Basic Bookkeeping for Your Small Business
We look at how to set up a bookkeeping system in your firm that will help you manage cashflow and avoid any issues with the tax man
As a small business owner, it can be tempting to dispense with time-consuming bookkeeping, and work on an ad-hoc basis to save time. However, this will almost inevitably turn into a complicated, confusing nightmare in the future as receipts are lost, invoices go unpaid, and the taxman wonders where all the money went.
This article breaks down the basics of a good bookkeeping system, and should be a useful starting point for business owners looking to get their accounts in order.
What do I need for a simple bookkeeping system?
Essentially, a good bookkeeping system will record all the money coming into and out of your business. This is useful for a business owner as they have to keep on top of costs and provide the HMRC with proper records.
In particular, a good bookkeeping system will include records of sales, purchases, bank account activity, records of petty cash payments and a cash book.
How you record sales depends on the kind of business you run. Companies that take cash, such as retailers and restaurants, will use till rolls and point-of-sale (PoS) systems. Business-to-business (B2B) firms will generally use non-cash payments, and should issue and make copies of invoices for every sale. Sales invoices should be split into a paid and unpaid section. Just as with sales, you should record all your business’ outgoings and enter them into your accounts system.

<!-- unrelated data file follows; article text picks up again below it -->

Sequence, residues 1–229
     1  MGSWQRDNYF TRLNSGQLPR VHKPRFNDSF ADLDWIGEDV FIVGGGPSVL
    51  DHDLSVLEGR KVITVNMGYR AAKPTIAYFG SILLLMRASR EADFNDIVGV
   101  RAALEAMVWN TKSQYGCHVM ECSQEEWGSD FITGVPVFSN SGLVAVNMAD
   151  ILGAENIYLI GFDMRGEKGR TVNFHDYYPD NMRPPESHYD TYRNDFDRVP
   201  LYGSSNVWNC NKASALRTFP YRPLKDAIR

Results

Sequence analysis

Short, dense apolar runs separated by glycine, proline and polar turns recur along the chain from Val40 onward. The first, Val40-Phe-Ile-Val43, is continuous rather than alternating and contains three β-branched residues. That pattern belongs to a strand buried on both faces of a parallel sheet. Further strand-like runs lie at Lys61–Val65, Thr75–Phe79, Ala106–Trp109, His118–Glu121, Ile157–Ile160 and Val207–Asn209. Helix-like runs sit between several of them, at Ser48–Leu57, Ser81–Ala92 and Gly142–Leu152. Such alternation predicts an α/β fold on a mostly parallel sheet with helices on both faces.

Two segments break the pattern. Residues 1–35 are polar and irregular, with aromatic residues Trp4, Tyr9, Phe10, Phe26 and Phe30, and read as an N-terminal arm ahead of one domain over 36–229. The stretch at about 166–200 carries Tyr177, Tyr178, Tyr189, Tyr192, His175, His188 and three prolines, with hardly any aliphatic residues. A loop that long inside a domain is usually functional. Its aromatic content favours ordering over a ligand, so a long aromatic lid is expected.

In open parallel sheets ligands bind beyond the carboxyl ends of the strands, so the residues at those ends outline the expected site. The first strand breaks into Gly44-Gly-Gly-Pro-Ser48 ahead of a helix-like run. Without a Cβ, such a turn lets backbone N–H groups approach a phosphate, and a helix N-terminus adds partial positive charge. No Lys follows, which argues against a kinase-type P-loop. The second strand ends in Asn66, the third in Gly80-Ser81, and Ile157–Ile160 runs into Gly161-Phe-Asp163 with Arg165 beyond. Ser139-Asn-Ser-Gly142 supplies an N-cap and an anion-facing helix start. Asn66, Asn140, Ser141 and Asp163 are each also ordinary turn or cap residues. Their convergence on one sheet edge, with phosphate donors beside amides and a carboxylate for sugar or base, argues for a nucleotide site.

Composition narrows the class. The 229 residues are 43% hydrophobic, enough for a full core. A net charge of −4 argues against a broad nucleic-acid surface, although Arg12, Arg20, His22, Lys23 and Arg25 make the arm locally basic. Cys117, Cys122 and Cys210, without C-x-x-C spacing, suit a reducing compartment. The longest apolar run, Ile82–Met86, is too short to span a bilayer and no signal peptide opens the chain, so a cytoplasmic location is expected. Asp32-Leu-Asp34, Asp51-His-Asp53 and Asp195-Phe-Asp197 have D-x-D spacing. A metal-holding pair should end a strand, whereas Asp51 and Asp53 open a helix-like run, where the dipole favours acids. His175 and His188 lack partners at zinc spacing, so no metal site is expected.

In regards to monitoring your banking, then a separate business bank account is essential. Monthly bank statements should suffice for record-keeping purposes. Also day-to-day business expenses (petty cash) can pile up, and shouldn’t be ignored. Keep receipts for all petty cash purchases and put them in a petty cash box.
Finally, create a Cash Book as this will provide a summary of the above information in a single place. Accounting software will produce one of these automatically.
How to keep track of sales
After each sale, issue invoices or receipts for every transaction and assign an individual number to each invoice, and always produce copies. Put unpaid invoices in a separate folder, with the most recent debtors on top – you can then work from the bottom up when chasing up late payers.